Rating: 5 out of 5.

Warning: this post contains spoilers for Dorothy Dunnett’s The Ringed Castle, as well as previous books in The Lymond Chronicles

Honestly, I’m not even quite sure where to begin reviewing this book (it probably doesn’t help that I started reading this series years ago, long before I started consistently reviewing books on this website). I will do a full series review after reviewing Checkmate, but let’s focus for now on The Ringed Castle. To put it in as few of words as possible, I loved everything about this book, and not just because my fiancee bought the series for me. It’s sort of like what would happen if you took a highly educated Jack Sparrow, and plopped him into the middle of Lord of the Rings level writing, and set the entire thing to the beat of 16th century Russia, but that doesn’t even begin to do it justice.

If I could write books with prose half as beautiful as Dorothy Dunnett, I would be beyond thrilled. And if I could speak half as eloquently as her main character, Sir Francis Crawford Comte de Lymond and Seveigny, I would probably annoy a lot of people, because I would be quoting poetry in three or four languages, and would talk all the time, just for the joy of being able to string sentences together the way he does. Of course, Crawford is not simply a fantastic master of oratory. He’s a fascinating, compelling character with a troubled background and an equally troubled present, who has throughout the series managed to make himself successful through shear, raw capability and unmatched endurance.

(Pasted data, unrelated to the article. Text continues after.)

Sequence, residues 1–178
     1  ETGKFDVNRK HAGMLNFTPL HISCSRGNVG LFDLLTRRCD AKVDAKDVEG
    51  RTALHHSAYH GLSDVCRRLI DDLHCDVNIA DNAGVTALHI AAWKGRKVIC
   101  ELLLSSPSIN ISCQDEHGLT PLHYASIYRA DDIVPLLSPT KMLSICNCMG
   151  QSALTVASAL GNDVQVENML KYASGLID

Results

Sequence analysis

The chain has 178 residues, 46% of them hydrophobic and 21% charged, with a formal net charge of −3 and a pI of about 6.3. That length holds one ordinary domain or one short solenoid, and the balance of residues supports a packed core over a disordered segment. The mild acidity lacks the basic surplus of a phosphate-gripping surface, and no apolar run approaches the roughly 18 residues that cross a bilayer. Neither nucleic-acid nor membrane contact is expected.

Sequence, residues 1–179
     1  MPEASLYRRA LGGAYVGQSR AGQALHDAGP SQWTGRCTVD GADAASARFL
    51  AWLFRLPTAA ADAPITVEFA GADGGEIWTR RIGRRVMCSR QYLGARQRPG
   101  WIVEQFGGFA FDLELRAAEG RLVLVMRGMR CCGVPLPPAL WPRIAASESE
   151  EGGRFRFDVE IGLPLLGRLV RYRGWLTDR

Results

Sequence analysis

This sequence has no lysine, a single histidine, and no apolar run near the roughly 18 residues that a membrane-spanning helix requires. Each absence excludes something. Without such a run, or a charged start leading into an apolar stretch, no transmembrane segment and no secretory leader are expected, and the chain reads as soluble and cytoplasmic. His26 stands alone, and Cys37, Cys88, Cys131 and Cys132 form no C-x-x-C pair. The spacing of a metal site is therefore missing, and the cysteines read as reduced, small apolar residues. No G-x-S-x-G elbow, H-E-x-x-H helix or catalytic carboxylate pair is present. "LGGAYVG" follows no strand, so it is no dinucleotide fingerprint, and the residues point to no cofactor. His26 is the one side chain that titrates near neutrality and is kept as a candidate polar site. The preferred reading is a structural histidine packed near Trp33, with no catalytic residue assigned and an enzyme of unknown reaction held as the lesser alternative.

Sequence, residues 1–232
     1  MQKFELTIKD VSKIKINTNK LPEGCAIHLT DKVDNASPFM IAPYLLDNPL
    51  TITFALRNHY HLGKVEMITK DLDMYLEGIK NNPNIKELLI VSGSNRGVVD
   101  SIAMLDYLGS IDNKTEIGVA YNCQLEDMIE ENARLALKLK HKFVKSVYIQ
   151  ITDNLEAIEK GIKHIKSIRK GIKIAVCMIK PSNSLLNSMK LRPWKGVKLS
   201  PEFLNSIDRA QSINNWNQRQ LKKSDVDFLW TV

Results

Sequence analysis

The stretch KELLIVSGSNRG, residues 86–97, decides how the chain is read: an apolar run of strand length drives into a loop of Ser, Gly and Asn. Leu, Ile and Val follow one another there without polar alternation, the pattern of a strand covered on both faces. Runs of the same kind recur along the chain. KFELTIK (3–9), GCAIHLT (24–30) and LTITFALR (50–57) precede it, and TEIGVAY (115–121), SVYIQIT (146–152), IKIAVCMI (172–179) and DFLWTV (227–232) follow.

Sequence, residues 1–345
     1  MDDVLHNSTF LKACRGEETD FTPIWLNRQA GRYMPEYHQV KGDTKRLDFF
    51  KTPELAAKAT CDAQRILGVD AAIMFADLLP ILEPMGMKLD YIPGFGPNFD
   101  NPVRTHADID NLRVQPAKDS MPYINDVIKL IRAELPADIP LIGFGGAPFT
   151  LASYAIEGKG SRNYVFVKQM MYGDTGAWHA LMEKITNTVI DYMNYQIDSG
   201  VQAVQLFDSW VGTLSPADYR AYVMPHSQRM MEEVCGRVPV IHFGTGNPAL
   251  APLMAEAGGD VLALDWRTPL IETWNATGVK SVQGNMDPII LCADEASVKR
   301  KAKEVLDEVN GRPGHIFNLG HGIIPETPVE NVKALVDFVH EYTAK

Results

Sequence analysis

Sighting an opportunity, in this book Crawford heads for Russia, which has only recently been unified under a Tsar, and by demonstrating his competency, arranges to be voeveda of all Russia, overseeing the Tsar’s military development and operations. His goal is nothing less than creating a Russian powerhouse, and being the one to guide its path through history. Although he did not really exist, the events that he encounters did happen, and The Ringed Castle provides a fascinating look into a period and place in history that receives very little attention. While the nations of western Europe were working through the Age of Exploration, Russia was trying to drag itself into the modern day and a state where it could compete with the others.

I love the concept of a person making themselves outstandingly successful through their capability and tenacity, which is exactly what Crawford does. He establishes basically a cult of personality about himself, with people who follow him almost fanatically because of what he can offer that no one else can. He can be cold and calculating, doing what needs to be done, and still maintaining the loyalty of his followers.

I could go on and on about this book, and everything that made it so fantastic, but I think I will save some of that for the series review. Suffice to say, I highly recommend that you not only read this book, but go back and find the first one, and read all the way through.

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